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- From: David Brownell <firstname.lastname@example.org>
- To: XML-Dev Mailing list <email@example.com>
- Date: Sat, 11 Sep 1999 21:06:52 -0700
David Megginson wrote:
> Rick Jelliffe writes:
> > [ folk other than first world are "disenfranchised" ]
> > There are four approaches:
> > * "that is the way of the wor[l]d": it cannot be helped;
> > * positive discrimination, e.g. subsidies;
> > * reduce the reliance on face-to-face meetings;
> > * universal enfranchisement.
> The third is by far the best solution. Face-to-face meetings are
> generally more useful for working out political problems than they are
> for technical problems,
I tend to agree -- "reduce". This is the 1990s after all, at least
for another few months, and it's OK to use technology to improve the
decision making of an organization like W3C !!
Of course there's a real issue that there DO exist political problems
that need working out. There are real dollars (whoops, sorry Rick ;-)
riding on this stuff, and those decisions filter into technical stances
too. And those political problems can relate to focus and direction
(as Mike Champion has noted). F2F meetings of a core constituency can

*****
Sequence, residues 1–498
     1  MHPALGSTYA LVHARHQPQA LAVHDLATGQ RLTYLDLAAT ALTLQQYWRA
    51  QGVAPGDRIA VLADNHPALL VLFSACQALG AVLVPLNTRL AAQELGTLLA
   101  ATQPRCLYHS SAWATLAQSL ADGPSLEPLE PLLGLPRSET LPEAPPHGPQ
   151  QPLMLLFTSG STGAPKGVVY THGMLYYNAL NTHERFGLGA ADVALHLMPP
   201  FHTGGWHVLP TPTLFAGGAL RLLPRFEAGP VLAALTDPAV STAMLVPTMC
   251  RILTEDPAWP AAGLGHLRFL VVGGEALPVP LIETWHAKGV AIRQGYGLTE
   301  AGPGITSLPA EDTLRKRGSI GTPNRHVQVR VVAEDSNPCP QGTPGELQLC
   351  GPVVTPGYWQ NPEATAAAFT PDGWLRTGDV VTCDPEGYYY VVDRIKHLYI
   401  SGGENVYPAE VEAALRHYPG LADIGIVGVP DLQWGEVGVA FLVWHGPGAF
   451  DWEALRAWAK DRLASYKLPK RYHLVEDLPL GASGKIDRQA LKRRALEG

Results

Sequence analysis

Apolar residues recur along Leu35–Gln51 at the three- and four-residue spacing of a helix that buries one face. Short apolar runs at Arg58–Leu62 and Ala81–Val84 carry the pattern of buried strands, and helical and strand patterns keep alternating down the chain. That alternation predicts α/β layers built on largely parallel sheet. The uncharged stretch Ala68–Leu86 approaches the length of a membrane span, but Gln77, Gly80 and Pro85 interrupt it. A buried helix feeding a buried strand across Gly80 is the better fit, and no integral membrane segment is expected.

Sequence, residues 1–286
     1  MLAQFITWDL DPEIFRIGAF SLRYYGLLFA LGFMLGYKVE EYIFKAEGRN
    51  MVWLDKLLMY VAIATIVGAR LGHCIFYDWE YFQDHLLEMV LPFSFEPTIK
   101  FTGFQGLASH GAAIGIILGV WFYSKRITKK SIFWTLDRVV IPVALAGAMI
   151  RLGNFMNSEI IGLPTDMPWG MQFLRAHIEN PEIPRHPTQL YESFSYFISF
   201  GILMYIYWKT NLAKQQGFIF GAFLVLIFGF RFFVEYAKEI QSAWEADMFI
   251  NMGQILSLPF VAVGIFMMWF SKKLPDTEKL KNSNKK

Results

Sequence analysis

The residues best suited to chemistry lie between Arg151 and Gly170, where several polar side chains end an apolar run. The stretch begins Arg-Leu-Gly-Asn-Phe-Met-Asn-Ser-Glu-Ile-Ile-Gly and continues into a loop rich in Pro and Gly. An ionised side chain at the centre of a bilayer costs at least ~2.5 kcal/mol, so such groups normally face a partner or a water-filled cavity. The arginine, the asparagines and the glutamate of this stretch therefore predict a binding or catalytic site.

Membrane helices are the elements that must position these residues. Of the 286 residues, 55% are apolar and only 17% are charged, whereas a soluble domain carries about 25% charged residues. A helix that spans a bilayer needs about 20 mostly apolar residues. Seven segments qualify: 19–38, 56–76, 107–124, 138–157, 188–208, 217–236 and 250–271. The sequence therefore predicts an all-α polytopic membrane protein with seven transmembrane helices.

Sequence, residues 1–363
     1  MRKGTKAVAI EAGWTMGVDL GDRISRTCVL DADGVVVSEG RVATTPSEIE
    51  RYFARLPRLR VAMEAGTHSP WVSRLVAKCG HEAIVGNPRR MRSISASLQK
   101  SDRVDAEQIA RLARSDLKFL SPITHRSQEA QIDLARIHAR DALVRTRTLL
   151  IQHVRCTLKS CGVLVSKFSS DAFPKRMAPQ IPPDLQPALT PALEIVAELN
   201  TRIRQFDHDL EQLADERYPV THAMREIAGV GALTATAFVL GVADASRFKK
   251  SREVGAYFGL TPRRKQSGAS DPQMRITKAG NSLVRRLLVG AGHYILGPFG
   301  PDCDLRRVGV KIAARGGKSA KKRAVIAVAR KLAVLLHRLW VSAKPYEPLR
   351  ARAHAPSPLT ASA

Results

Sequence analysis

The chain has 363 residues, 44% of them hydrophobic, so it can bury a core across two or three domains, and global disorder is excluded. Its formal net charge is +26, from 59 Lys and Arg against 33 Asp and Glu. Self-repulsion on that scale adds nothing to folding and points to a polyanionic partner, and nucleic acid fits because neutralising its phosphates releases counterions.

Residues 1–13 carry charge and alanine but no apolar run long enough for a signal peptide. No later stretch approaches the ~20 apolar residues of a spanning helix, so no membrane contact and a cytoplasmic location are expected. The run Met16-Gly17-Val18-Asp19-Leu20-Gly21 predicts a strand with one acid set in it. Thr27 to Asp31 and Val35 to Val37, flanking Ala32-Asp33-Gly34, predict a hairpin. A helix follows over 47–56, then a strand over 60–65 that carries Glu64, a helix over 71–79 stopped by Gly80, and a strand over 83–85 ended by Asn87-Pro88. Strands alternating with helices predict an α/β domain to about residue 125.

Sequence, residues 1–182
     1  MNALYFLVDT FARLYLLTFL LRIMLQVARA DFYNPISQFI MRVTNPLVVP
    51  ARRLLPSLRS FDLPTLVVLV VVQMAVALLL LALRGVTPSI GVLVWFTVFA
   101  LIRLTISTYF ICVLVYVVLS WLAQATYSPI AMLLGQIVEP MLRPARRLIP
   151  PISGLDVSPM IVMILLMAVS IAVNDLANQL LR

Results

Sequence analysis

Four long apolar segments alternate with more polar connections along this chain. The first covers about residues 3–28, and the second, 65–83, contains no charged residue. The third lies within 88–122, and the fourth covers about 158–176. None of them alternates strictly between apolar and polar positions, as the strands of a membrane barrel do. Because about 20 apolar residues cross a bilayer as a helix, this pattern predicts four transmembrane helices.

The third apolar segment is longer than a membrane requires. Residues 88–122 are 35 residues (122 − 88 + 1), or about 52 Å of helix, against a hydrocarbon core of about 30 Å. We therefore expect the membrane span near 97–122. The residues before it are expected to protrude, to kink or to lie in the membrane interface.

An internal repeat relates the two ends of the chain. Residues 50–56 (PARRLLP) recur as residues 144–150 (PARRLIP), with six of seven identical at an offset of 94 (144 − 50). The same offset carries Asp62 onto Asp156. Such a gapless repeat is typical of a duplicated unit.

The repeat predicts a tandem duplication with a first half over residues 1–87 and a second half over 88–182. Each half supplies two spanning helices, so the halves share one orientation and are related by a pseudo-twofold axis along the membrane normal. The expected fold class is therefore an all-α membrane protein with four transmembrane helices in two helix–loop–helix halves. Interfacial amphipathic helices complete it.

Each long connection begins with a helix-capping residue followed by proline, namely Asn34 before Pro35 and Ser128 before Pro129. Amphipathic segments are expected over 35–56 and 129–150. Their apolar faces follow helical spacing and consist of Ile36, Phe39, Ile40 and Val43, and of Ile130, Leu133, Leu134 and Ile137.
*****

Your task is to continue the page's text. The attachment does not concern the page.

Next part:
be great enablers; though of course they can also be overdone (just like
the secrecy of W3C is clearly, IMHO, overdone).
On-line communities work best if they're adjuncts to offline ones,
and I think XML-DEV reflects that: there are key players who know
each other off-line to various degrees. Outside of W3C, I know that
a main function of F2F meetings is to facilitate the personal side
of things -- be it pub crawling a new city, or hammering out issues
when you've got real person-to-person bandwidth, or whatever.
That's also an issue with W3C's intended role, which isn't quite
the role it actually has. The intended role (per that article)
is essentially "advanced development" (AD) ... the sort of thing that
in a group like the IETF is done in very open working groups and
without any particular commercial timetable in mind. That sort of
AD work is easily (perhaps habitually) done on open mailing lists;
that's often how academic folk work, and it's the best way to see
what the important issues are (vs having companies tell you what
their pet issues are).
The reality of W3C's role is that it's putting out specs that get
used in commercial products as "the Next Big Thing" regardless of
the fact that, in the big scheme of things, they've not been well
cooked. (That helps the marketing folk a lot more than the techies
who are well represented on this list!) Plus, there's no real
expectation that two vendors can just just the W3C spec when they
create implementations -- there are no conformance "teeth" as in a
real standards organization, again displaying a marketing bias.
That is, the W3C academic/AD role isn't its real world role. And
that's another reason to call attention to the expense of F2F level
participation: it reflects the real world role, not the chartered
"advanced development" sort of role.
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